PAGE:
Ex-school secretary faces theft charges


A former Carroll County school financial secretary is facing charges of embezzling more than $200,000 during the past seven years from South Carroll High in what school officials and prosecutors described yesterday as an elaborate scheme that involved doctoring deposit receipts.

Wendy Sue Bowers, 39, of the 3800 block of Walnut Grove Road in Taneytown, has been charged in eight felony counts with scheming to steal $206,564 since the 1999-2000 school year. Each count carries a possible 15-year sentence and $25,000 fine. Bowers also could be forced to pay restitution.

Carroll Circuit Judge Michael M. Galloway set Bowers' bail at $50,000 fully secured, meaning she must post the full amount to be released on bond. She remained in the Carroll County Detention Center last night. Her trial is scheduled for mid-October.

After the bail review hearing, Bowers' attorney, Andrew Stone, said he had no comment.

The money was taken from deposits for school-based accounts for athletic events, student fundraisers, vending machine profits, yearbooks and other student activities, said Superintendent Charles I. Ecker.

He said he was "outraged and felt sorry for the students" when he learned about the allegations.

"This former employee was a very trusted individual," he said.

Bowers, who earned $34,357 annually as financial secretary at South Carroll, left the district in June, Ecker said. School officials said they cannot elaborate on whether she was fired or resigned because an employee's personnel file is confidential.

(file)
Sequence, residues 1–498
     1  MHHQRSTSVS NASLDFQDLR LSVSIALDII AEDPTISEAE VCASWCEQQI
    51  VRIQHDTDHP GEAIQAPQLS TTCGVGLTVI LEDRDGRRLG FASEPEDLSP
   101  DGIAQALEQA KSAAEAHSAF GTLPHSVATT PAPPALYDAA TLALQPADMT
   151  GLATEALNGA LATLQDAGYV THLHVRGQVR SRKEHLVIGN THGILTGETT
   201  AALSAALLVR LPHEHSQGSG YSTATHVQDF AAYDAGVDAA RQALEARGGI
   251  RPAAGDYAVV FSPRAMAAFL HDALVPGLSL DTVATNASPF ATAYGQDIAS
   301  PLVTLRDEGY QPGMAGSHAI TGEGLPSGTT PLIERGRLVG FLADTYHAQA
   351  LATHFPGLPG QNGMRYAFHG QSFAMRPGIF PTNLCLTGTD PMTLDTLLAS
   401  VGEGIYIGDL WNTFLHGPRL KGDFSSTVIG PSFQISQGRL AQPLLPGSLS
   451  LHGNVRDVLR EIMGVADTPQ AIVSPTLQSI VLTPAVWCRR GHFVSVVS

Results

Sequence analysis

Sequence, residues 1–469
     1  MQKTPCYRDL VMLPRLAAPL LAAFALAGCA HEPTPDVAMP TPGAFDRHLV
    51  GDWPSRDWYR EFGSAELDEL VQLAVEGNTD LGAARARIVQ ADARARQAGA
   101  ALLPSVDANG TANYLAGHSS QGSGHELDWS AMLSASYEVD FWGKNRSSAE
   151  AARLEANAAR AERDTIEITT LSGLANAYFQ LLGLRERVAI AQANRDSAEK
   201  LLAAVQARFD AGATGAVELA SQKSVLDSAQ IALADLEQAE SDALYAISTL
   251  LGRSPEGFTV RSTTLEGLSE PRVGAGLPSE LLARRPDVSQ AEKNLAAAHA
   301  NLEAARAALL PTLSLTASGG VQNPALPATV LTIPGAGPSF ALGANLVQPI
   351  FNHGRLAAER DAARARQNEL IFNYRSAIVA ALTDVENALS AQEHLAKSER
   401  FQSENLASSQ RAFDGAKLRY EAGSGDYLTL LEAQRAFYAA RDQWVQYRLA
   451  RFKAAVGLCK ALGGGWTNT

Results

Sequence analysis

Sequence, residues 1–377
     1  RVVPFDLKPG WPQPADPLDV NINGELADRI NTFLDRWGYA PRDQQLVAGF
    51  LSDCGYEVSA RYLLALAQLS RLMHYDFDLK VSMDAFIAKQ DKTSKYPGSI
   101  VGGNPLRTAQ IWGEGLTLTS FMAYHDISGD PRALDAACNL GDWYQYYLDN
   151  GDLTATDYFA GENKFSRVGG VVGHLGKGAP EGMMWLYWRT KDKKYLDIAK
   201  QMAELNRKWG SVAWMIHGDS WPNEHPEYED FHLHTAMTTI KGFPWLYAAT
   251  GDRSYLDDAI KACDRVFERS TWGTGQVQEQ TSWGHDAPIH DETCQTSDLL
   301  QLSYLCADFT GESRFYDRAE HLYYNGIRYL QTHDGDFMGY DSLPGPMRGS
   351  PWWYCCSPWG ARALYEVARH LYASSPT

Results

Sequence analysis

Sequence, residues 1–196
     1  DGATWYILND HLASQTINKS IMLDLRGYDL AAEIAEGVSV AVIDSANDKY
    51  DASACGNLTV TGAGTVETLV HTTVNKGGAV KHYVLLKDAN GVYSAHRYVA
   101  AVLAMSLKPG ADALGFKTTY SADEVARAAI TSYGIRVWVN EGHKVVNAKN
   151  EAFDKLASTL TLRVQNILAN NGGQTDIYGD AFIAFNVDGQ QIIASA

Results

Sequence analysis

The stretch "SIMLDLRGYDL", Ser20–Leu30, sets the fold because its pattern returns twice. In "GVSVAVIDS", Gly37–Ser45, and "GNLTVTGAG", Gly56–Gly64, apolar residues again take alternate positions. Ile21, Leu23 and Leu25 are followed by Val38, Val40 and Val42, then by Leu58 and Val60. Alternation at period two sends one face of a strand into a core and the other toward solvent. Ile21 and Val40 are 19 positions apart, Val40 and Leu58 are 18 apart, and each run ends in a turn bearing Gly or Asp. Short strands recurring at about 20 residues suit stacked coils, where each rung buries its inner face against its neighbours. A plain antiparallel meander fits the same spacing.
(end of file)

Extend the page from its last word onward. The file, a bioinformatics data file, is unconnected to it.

Bowers worked for the district for 16 years, initially as a clerk for the central office before moving to South Carroll High in 1994, school officials said.

In February, the school system's comptroller, Bradley L. Martin, discovered deficits in South Carroll's accounts as he prepared for a Middle States Association audit as part of a 10-year evaluation of the district, school officials said.

After a subsequent investigation, county prosecutors said they discovered that a prenumbered triplicate paper receipt system had been manipulated.

Prosecutors said an employee such as a club adviser would give money to Bowers to be deposited and fill out the top sheet of the triplicate form, but then Bowers would doctor the carbon copies that were to be sent to the district's finance department to match the bank deposit.

The missing money was not immediately detected because Bowers continued to pay school bills by moving money around to cover expenses, Ecker said. He said the money will be replaced through the district's insurance.

When confronted in June by an investigator at her home, Bowers confessed to stealing the money and directed him to a storage space known as "the tunnel" at the school where she had hidden records, according to State's Attorney Jerry F. Barnes.

Martin estimated that as much as $3 million had passed through school accounts while Bowers was financial secretary.

Prosecutors, who said they have not recovered the money, are continuing the investigation.

Ecker outlined several changes he is making across the system, including bolstering staff training, raising awareness about the potential for such thefts and increasing oversight of school accounts through random audits.

"We thought our controls were sufficient and working and sound - they obviously weren't good enough," Ecker said. "Our new procedures unfortunately will have to assume that everyone is dishonest."


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